Madison duo Seasaw celebrates a new album that moves its sound and songwriting forward. Info/tix
Madison rock duo Seasaw will have a refined sound to share at this show celebrating the release of their new record Big Dogs, the follow-up to 2016's Too Much Of A Good Thing. The title and substance of Big Dogs, members Meg Golz and Eve Wilczewski explain, originated from an incident in which a man took it upon himself to harshly accost them at a show. Across the record, Golz and Wilczewski respond to not just this "big dog" in particular, but the entire big-dog culture that creates rude barkers like him. And in doing so, Golz and Wilczewski have created their most focused, self-possessed work yet.
Gone are the moments and entire tracks like Too Much's "Gone Fishin," on which Golz and Wilczewski would dip their pens into the wells of many genres and styles. No, there aren't any funky organ solos to be found on this LP. Instead, the pair commit to a punchy rock nucleus across the record, occasionally drawing on the production quirkiness of their past. The difference this time is Golz and Wilczewski use production twists to color the margins of tracks rather than placing them front-and-center. That approach is in full effect on the album's first single, "God(zilla)." Over alternately minimal and loud guitar riffs, Golz and Wilczewski build themselves and each other up in the face of various struggles through both solo and harmonized singing. They take a similar approach on the record’s closing track, "Knockout," which starts off with restrained guitar strums and a driving drum groove before gradually stacking on more components and taking on a greater rhythmic complexity.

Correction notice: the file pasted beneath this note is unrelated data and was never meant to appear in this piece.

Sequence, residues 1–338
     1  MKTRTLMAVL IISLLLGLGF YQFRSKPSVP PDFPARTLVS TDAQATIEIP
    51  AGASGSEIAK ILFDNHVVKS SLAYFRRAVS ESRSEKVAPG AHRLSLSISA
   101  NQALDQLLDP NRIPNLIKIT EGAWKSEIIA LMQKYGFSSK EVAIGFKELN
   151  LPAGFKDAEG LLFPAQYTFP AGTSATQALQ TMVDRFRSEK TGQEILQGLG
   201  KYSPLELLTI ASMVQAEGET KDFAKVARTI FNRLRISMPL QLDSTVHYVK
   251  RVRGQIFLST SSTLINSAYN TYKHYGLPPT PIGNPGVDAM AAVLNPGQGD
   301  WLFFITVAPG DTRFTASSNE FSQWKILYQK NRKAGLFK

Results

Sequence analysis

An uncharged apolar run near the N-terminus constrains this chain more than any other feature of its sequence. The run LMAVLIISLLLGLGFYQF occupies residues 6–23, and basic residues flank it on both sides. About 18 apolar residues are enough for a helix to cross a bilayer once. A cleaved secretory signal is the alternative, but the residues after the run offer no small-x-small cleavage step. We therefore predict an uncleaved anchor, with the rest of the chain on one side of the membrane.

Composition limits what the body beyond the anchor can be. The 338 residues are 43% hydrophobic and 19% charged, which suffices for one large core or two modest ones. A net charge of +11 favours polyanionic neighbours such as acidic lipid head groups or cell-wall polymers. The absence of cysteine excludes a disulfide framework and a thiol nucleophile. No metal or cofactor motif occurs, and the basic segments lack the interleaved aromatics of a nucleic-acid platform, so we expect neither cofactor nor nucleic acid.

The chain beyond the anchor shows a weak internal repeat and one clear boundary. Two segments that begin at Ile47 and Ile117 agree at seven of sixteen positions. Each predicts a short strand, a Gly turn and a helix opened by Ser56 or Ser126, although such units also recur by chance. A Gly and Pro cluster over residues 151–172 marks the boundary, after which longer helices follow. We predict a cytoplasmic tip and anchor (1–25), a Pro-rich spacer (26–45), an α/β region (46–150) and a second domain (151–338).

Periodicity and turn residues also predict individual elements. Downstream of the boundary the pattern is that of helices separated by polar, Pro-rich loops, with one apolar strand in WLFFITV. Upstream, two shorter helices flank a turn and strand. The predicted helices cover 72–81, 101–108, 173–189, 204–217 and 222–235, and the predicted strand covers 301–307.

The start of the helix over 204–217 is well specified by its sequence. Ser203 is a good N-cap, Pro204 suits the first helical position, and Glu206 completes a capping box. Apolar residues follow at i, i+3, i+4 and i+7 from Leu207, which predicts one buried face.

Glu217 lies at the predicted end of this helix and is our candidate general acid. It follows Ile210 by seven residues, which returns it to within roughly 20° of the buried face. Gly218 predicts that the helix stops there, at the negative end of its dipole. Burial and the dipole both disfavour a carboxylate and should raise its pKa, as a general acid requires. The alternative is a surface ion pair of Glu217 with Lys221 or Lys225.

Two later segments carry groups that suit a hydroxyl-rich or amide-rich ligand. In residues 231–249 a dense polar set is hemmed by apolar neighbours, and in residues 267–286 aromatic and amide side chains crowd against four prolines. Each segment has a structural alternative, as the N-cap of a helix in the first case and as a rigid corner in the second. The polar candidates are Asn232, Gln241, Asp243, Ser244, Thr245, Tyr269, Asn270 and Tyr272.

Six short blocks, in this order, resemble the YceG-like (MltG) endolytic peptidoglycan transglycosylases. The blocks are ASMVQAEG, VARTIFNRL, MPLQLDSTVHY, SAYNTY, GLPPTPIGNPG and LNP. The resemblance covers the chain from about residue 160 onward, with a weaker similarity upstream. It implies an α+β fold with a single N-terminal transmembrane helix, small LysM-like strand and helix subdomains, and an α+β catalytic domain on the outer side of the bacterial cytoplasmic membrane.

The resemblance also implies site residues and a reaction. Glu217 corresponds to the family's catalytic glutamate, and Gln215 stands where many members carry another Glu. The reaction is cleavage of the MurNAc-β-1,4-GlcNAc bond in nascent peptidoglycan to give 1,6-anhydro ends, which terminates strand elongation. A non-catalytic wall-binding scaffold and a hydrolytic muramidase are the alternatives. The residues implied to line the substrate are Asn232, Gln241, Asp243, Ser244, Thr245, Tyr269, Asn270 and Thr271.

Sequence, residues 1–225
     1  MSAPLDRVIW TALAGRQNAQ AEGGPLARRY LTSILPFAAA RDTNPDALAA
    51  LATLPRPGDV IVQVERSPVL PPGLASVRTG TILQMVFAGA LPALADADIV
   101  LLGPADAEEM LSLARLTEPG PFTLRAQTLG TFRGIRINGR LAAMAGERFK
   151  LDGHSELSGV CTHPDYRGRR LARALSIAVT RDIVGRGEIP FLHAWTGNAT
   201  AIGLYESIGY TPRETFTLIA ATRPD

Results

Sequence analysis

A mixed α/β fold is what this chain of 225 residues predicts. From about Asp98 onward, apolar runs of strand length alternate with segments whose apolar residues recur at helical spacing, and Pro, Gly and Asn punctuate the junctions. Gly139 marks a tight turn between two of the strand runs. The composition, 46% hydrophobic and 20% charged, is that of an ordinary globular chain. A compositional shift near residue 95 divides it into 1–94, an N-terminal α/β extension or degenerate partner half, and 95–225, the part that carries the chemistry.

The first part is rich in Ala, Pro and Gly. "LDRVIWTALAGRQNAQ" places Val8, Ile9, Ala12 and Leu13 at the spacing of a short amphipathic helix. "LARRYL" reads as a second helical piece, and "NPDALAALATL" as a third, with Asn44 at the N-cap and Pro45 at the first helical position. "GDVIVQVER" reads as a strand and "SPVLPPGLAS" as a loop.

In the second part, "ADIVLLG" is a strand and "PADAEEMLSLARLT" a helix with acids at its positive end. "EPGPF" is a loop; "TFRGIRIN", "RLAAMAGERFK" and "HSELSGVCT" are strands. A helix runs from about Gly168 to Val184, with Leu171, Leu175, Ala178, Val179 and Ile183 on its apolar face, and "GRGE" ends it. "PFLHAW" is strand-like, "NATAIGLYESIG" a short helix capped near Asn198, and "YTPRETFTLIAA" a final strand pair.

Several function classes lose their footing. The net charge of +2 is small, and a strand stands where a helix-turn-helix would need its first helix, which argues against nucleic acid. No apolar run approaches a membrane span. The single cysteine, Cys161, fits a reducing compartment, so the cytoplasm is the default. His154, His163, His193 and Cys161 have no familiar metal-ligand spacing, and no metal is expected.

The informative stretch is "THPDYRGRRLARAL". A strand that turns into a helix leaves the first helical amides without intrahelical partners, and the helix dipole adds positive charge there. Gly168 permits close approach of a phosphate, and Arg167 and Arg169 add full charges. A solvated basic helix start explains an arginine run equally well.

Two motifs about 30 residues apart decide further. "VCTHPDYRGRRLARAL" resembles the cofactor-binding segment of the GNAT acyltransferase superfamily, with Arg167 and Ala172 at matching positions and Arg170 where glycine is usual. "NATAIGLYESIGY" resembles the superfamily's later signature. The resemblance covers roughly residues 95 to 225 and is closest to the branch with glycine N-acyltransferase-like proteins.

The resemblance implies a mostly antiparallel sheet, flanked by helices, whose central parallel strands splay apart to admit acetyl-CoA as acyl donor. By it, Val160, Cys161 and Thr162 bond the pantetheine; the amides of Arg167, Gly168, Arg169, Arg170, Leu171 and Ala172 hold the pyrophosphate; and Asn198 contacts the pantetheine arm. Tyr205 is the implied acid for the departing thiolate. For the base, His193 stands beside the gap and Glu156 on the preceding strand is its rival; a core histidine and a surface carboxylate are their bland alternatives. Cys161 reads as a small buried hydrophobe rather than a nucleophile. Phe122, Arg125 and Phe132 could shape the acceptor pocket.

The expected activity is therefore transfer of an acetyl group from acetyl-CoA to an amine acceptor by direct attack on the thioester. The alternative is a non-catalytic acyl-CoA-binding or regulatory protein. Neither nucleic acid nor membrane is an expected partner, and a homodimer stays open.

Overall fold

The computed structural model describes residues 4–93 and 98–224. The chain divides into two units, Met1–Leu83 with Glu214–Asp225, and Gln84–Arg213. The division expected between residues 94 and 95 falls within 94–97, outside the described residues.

Golz and Wilczewski have always been gifted vocalists and share a knack for knowing when one should take the lead and when they should combine for hooks or brief moments. Here, without the bells and whistles of their last records, this vocal dynamic shines through and with it Golz and Wilczewski's confidence as songwriters. On "God(zilla)," "Knockout" and the rest of Big Dogs, listeners get to see two artists who've come into their own and present themselves fully. The result is a purer, more substantive record that offers a whole new perspective on Seasaw. —Henry Solo